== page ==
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Incrementally optimizing scanner utilization

Case Study
Retzlaff, Sebastian, Dr.

Incrementally optimizing scanner utilization

The Practice for Magnetic Resonance Imaging (Schwerin, Germany) has been using an Achieva 1.5T since 2004. Though the diagnostic quality justifies the investment, the economic return is important too. This requires a carefully coordinated and intensive examination schedule to ensure the best possible utilization. The dependable appointment planning satisfies both patient and staff expectations.

The two radiologists and four radiographers in the practice handle examination types from neuro and musculoskeletal, through body, to cardiac examinations. Ten thousand examinations a year translate to just over 50 patients a day. Sebastian Retzlaff, M.D., founder of the practice, has fine-tuned examination procedures so the practice can handle up to 60 examinations a day. In combination with slightly longer hours on Wednesdays and Fridays, this is enough to make up for any temporary backlogs that may occur, without having to work weekends.


Even under normal circumstances, patient throughput is high. "Scanning many patients a day requires short examination times," explains Dr. Retzlaff, "And short examination times also have the advantage of greater convenience for patients and fewer gross motion artifacts. The patient appreciates this too." Streamlined scan protocols and optimized patient logistics are key, but Dr. Retzlaff emphasizes that efficiency should never mean compromising image quality. "We not only strive to work faster, we also want to work better," he adds.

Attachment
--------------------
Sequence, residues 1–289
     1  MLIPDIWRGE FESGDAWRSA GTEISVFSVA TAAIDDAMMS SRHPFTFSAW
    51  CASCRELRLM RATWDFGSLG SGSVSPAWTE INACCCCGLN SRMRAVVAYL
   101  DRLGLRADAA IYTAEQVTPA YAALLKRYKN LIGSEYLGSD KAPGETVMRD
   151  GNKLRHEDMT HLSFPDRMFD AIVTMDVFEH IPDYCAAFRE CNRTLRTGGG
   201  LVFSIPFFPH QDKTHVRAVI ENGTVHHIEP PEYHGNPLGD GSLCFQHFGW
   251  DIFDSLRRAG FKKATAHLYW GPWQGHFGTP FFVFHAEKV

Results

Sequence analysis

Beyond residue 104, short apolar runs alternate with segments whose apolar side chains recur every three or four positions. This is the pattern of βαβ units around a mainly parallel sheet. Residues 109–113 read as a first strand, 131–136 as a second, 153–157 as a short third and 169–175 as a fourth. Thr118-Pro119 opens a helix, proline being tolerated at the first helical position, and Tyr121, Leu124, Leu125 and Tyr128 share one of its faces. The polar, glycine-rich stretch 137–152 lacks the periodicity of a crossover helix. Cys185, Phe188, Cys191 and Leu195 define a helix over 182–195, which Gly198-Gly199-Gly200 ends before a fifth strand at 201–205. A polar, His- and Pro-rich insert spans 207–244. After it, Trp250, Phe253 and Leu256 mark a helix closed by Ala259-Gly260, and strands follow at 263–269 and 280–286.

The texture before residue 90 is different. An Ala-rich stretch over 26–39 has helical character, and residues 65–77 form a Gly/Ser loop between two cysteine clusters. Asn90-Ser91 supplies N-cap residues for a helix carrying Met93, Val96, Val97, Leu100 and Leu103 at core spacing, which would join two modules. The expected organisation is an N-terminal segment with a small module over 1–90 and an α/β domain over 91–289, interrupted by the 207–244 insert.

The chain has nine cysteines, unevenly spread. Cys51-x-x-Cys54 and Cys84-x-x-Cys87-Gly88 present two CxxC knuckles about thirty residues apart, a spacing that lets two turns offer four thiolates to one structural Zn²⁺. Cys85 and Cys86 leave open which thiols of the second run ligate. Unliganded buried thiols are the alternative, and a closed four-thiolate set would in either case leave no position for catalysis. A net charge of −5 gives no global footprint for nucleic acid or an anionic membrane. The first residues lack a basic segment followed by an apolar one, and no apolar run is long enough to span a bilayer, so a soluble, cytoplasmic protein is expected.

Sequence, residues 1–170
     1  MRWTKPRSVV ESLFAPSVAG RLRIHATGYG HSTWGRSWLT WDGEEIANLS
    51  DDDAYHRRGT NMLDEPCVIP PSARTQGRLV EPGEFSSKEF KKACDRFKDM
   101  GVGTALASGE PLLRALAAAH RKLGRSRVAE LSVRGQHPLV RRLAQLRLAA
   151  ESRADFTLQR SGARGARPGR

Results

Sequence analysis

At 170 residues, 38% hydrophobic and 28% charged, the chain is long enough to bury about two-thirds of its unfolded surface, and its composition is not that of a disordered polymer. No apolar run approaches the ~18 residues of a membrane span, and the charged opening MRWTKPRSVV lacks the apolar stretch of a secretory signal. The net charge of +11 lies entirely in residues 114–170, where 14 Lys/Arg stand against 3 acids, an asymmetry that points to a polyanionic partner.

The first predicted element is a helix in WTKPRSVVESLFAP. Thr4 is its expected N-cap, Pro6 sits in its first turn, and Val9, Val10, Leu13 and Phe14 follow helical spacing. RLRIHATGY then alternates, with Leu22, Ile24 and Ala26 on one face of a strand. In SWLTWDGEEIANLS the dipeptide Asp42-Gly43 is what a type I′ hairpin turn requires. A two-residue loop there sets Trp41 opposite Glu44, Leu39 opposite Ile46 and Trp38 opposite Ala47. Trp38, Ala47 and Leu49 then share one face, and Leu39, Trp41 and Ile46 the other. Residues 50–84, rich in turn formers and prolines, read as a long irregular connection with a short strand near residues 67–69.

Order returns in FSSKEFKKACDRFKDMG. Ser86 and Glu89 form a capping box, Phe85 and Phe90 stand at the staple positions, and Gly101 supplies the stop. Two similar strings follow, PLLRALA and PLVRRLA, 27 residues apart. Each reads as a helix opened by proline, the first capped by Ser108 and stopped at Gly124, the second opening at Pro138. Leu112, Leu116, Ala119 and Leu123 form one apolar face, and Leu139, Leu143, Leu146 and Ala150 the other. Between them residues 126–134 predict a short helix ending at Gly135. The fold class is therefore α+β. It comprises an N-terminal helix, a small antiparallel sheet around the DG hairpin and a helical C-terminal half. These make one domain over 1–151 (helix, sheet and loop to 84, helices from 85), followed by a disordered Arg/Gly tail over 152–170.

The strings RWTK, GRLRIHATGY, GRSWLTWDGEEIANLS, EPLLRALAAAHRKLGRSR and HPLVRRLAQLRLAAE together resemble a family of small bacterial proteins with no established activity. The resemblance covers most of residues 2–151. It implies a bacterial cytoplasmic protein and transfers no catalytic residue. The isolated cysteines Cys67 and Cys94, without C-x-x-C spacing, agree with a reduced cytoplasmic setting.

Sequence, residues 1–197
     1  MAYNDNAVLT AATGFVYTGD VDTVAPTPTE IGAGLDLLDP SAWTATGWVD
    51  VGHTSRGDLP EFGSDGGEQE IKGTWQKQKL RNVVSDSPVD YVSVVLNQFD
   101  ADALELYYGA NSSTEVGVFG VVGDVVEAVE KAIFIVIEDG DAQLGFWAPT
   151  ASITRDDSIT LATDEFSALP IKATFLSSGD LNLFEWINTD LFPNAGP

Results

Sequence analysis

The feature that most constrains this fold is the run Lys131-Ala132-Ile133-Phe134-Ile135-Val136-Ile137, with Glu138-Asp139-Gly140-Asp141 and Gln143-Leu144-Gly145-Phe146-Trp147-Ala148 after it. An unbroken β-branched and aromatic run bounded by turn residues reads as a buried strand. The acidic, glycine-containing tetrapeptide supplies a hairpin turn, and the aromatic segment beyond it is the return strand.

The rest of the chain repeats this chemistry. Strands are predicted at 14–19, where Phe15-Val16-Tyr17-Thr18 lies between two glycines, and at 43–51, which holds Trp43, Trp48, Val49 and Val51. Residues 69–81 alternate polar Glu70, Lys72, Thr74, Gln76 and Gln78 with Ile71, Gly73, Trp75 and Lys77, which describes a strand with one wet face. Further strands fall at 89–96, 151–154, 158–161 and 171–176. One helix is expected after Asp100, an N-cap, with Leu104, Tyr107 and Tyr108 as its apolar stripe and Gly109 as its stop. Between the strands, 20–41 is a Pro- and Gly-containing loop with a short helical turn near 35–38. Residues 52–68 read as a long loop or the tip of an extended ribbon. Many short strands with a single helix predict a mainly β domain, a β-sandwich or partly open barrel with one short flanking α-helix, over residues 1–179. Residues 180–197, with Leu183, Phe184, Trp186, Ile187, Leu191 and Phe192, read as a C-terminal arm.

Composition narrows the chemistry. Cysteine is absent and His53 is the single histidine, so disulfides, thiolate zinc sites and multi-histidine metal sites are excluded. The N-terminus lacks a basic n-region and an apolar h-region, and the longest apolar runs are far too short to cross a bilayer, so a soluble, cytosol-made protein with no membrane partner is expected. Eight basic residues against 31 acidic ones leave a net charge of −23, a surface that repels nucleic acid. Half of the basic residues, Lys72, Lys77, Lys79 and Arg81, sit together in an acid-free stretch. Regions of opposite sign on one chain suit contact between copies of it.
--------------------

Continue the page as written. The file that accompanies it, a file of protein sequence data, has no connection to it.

Dr. Retzlaff:  The Practice for Magnetic Resonance Imaging in Schwerin, Germany.
Dr. Retzlaff: "The practice improves one sequence every day. If the sequence proves its worth in 20 patients, it replaces the original in the ExamCard. The radiologist judges the effect of parameter adjustment on diagnostic confidence."
The Practice for Magnetic Resonance Imaging in Schwerin, Germany.

Daily incremental improvements to reach target examination times

A fundamental principle is to improve one sequence every day, by shortening the examination time, improving the image quality, or both. If the sequence proves its worth, it replaces the original in the ExamCard, and Dr. Retzlaff sees how he can apply what he has learned further. For example, an improved sequence for the knee can often also be beneficial for shoulder examinations.


The second fundamental principle is to have no sequence with a scan time longer than two minutes. "Because of the interactions of the various scan parameters, this takes detailed work," he says. Only the radiologist can fully judge the effect of parameter adjustment on diagnostic confidence. For example, for sagittal knee examinations, he reduced slice thickness from 3 mm to 2 mm. This improved spatial resolution, most noticeably in the improved representation of trabeculae. By adjusting other parameters, they could maintain the signal-to-noise ratio without increasing the measurement time.